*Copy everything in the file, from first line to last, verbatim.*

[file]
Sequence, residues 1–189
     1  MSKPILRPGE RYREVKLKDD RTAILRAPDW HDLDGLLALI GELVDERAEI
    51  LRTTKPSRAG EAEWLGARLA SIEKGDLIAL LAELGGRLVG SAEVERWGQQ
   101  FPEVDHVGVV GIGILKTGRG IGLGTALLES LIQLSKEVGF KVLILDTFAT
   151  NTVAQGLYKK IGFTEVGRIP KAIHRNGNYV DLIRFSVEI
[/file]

Sequence, residues 1–189
     1  MSKPILRPGE RYREVKLKDD RTAILRAPDW HDLDGLLALI GELVDERAEI
    51  LRTTKPSRAG EAEWLGARLA SIEKGDLIAL LAELGGRLVG SAEVERWGQQ
   101  FPEVDHVGVV GIGILKTGRG IGLGTALLES LIQLSKEVGF KVLILDTFAT
   151  NTVAQGLYKK IGFTEVGRIP KAIHRNGNYV DLIRFSVEI